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Direct Access to CHINA’S Futures Markets


In 2021, as the internationalization of China's renminbi accelerates, the Chinese domestic futures market will become more and more open to foreign investors. Direct Access USA LLC is committed to helping to provide its clients with these developing global investment opportunities. This special series "Direct Access to China’s Futures Markets" will regularly provide customers with important information about the Chinese futures markets, including featured product introductions, and other useful facts and data.

Shanghai Crude Oil Futures Series (1)

The Shanghai International Energy Exchange (“INE”) launched its Shanghai crude oil futures on December 12, 2014. It was China’s first futures product open to international investors.

A. Contract Specification

B. Why choose medium sour crude oil as the underlying deliverable product?

First, the resource of medium sour crude oil is relatively abundant, and its production share accounts for about 44% of global production; second, the supply and demand relationship of medium sour crude oil is not the same as that of light sweet crude oil. The current international market still lacks an authoritative price benchmark for medium sour crude oil. Third, medium sour crude oil is the main type of crude oil imported by China and neighboring countries, and the formation of a benchmark price for medium sour crude oil is beneficial in terms of promoting and developing international crude oil trading in the Asia-Pacific region.

C. What is the difference between Asia Pacific crude oil pricing and North America and Europe? What opportunities does China present?

Asian countries historically have imported the same quality crude oil from the Middle East at a higher price than European and other Western countries, forming what some call the “Asian premium." The primary reason for this: that the crude oil pricing mechanism is different. The crude oil import prices in North America and Europe are based on the crude oil futures prices in the consuming regions, while the Asia-Pacific crude oil imports are based on the spot prices of crude oil producing regions in the Middle East, without a mature crude oil futures market designed to help Asian consumers avoid risks of price fluctuations. Without the key price discovery mechanism of an oil futures market, Asian importers faced greater risks, hence the “Asian Premium” on oil sold in in the Asian Pacific arena.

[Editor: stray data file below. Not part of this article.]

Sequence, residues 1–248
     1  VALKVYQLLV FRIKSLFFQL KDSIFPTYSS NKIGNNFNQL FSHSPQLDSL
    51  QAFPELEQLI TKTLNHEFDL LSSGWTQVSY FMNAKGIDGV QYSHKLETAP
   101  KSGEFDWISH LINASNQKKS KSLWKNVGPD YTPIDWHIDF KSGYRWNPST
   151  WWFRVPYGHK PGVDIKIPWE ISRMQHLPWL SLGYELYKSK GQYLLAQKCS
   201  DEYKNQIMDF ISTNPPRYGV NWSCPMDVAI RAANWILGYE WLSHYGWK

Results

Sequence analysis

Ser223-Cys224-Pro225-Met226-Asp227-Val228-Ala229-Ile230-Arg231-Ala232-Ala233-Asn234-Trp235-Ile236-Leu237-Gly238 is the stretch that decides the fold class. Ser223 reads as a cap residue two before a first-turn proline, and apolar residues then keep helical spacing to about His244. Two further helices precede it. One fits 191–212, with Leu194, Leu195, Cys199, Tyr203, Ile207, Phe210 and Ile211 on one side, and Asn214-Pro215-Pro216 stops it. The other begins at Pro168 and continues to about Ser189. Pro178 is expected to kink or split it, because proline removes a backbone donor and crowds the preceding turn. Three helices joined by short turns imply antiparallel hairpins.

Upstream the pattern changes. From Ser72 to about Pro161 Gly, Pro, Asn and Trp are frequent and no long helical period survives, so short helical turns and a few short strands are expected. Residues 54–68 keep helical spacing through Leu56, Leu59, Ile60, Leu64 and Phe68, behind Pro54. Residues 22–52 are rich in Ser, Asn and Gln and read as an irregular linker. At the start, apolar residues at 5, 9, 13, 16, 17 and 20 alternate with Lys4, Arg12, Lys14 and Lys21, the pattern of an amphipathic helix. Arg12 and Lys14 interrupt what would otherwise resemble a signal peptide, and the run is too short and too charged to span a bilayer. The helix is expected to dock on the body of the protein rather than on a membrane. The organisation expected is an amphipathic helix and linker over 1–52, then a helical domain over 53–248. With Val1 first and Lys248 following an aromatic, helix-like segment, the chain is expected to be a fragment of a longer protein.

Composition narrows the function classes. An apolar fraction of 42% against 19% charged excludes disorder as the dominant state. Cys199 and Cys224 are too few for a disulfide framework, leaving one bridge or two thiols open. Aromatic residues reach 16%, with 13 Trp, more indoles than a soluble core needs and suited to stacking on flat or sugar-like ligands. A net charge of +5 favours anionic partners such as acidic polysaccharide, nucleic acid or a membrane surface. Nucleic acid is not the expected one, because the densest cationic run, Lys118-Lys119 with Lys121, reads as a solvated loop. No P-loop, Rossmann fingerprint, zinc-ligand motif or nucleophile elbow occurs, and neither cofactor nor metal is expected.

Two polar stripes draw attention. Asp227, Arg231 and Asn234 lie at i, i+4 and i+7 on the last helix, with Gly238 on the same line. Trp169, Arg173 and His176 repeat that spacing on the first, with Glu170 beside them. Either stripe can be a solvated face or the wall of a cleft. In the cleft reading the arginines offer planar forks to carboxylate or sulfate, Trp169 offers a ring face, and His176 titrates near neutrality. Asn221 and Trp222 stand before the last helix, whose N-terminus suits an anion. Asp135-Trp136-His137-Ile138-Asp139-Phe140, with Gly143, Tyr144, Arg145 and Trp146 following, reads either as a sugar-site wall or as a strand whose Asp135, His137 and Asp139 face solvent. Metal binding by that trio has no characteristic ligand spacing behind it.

At present, about 50% of China's imported crude oil is Middle East produced medium sour crude. As China's share in the international crude oil market (especially the medium sour crude oil market) continues to increase, it is possible for China to establish a relationship between the supply and demand of crude oil in the region, which is different from WTI and Brent (especially the medium sour crude oil market). Therefore, the launch a crude oil futures contract that focuses on the Asian region provides China with a price discovery mechanism and potentially a greater international influence in terms of global oil trade.

D. What are the four ways of participation for foreign customers?

Four ways of global participation accesses to INE are:

I: through domestic futures firms (a corporation that registers in Chinese mainland and approved by INE) authorized as their direct agents.

II: through Overseas Intermediaries (an overseas broker that does not trade directly at the Exchange but authorizes a Futures Firm Member or an overseas broker to conduct trading and clearing activities) who in turn engage domestic futures firms or Overseas Special Brokerage Participants (“OSBP”)

III: through OSBPs as their agents

IV: as Overseas Special Non-Brokerage Participants (“OSNBP”)

OSBP and OSNBP are both Overseas Special Participants that satisfies the prescribed conditions of China Securities Regulatory Commission (“CSRC”) and the Exchange.

Since DAUS’s parent company, DA International Financial Service Ltd, is already approved as Overseas Intermediary DAUS can help client to enter INE market for crude oil futures trading through the way mentioned above in II.

Figure below is diagram of participation mode of foreign investors.

Figure source: INE Crude Oil Futures Trading Handbook (2020.3 Version)

The above is a brief introduction about INE crude oil futures and the entry ways for overseas customers. We plan to provide more information about Shanghai crude oil futures in the next issue. If you are interested in Shanghai crude oil futures or China's futures market, please feel free to contact us via our website address, phone, or email below. We will be happy to answer any relevant questions. Site address:




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